Time to Breathe


It’s now two weeks since my unbelievable visit to Mercury MESSENGER MOC, and I am still recovering. Recovering from information overload, sleepless nights, and missed school work. I am exhausted, but it is a great feeling. I could not think of a better experience to bring back to the classroom. This trip had it all – Real science, great data and images, scientists and engineers who could explain everything to the average person, administrators who were willing to bend over backwards to make things work, and an exceptional group of teachers who worked well together to get the information out. The dedication of all parties left me wondering how this event could not have happened before this. No NASA event that I am aware of involved teachers has involved teachers and their respective communities in real time like this one did. I am already seeing the repercussions in my hometown. Not a day goes by that i am not stopped by people who ask about what happened. I have been contacted by other districts to come and talk to their teachers. My Alma Mater, Alfred University somehow found out about my trip and wrote about it in their Alumni E-newsletter. I even had an old friend from college see the article they quoted and used my site to connect with me for the first time in 25 years.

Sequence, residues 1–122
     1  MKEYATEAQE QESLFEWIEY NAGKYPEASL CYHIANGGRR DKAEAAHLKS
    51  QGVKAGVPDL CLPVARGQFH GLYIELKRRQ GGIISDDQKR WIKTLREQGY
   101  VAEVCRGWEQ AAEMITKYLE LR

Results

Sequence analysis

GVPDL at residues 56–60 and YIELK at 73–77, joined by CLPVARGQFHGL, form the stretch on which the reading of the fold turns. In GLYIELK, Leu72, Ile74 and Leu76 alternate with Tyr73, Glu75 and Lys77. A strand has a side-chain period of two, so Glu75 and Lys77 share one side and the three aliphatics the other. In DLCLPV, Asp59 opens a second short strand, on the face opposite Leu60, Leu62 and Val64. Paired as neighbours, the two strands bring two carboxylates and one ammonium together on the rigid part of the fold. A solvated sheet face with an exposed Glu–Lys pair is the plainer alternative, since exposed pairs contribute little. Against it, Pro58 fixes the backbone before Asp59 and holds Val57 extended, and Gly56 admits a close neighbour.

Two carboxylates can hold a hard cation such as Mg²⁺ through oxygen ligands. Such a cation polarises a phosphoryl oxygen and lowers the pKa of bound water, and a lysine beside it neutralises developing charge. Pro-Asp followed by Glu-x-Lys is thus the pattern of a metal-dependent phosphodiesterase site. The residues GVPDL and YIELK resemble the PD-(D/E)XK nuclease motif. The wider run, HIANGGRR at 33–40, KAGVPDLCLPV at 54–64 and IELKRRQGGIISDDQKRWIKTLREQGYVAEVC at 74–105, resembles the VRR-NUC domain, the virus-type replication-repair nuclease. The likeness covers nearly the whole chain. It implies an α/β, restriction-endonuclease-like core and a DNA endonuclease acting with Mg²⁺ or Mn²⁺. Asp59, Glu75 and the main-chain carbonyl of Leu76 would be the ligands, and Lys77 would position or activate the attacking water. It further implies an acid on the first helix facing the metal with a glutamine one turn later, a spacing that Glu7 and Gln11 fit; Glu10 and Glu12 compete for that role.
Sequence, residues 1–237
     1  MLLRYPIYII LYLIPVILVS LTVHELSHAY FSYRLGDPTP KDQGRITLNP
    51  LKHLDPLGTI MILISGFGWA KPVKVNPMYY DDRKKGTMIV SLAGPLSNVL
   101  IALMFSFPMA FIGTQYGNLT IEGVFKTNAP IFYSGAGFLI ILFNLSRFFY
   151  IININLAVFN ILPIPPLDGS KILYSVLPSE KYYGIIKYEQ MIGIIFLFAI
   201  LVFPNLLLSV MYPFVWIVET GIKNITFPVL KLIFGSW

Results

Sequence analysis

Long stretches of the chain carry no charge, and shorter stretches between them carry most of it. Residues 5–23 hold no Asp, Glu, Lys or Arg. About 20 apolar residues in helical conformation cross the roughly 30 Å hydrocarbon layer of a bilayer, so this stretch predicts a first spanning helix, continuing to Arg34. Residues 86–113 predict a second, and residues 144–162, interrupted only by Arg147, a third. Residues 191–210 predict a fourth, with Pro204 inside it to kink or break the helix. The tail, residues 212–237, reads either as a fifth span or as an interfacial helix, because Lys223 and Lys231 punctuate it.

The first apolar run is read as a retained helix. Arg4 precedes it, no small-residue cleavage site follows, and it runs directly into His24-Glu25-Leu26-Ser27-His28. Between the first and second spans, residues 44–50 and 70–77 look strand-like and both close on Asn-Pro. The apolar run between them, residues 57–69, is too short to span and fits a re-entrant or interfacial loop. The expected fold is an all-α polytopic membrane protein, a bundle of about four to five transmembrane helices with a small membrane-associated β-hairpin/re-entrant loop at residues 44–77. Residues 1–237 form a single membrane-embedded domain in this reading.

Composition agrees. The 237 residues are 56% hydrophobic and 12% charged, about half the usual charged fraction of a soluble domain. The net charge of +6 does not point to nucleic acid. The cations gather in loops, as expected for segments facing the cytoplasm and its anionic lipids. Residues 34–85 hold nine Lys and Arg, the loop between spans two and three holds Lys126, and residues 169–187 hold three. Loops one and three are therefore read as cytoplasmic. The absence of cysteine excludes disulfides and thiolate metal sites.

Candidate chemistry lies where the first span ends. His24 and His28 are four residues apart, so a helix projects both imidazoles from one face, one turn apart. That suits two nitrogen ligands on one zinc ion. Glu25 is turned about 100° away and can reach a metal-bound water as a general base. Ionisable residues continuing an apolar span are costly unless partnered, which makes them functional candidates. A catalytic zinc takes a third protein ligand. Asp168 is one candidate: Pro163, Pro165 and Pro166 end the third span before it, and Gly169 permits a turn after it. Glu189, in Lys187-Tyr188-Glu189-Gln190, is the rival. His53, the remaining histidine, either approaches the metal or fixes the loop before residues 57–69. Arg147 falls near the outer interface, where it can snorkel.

View from my window

View from my window

Last weekend I went down to my place in the southern tier of New York to enjoy the fall colors and catch up on my sleep. After three days straight of twelve hours of sleep each night, I finally felt rested. Just in time to start catching up on my schoolwork. My students have been awesome asking about the trip and listening to my stories about how this connects with my courses. The interesting thing is that I have been able to connect everything about the MESSENGER mission with not only my Regents Physics class and my Astronomy class, but also my Physics of the Arts class. While I was away on the trip, my students were working with stop motion animation. Showing them the movies that have been made out of the images that MESSENGER has taken allowed my students to see the real world/non-commercial uses of this science/art. They loved it.

It was not only my classroom that was affected by my trip. Last Thursday, I accepted the Masonic Distinguished Service Award. The Master of my lodge had already nominated me before he found out about my MESSENGER connections. During the Awards Ceremony I was constantly asked about the trip. From what i can tell, this is what NASA needs – connections with communities. Everyone I talk to is excited, from secretaries and school nurses to retired engineers and homemakers. Everyone has dreams and space connects with a lot of people. To have an average guy you know connect with NASA in such a personal way makes you believe you can achieve your own dreams.

Hopefully by the end of this week, I will be totally caught up grading and ready for my next set of activities – Presenting at STANYS and teaching courses on MESSENGER activities. Hopefully I won’t be as winded at the end of those.

Ciao for now.

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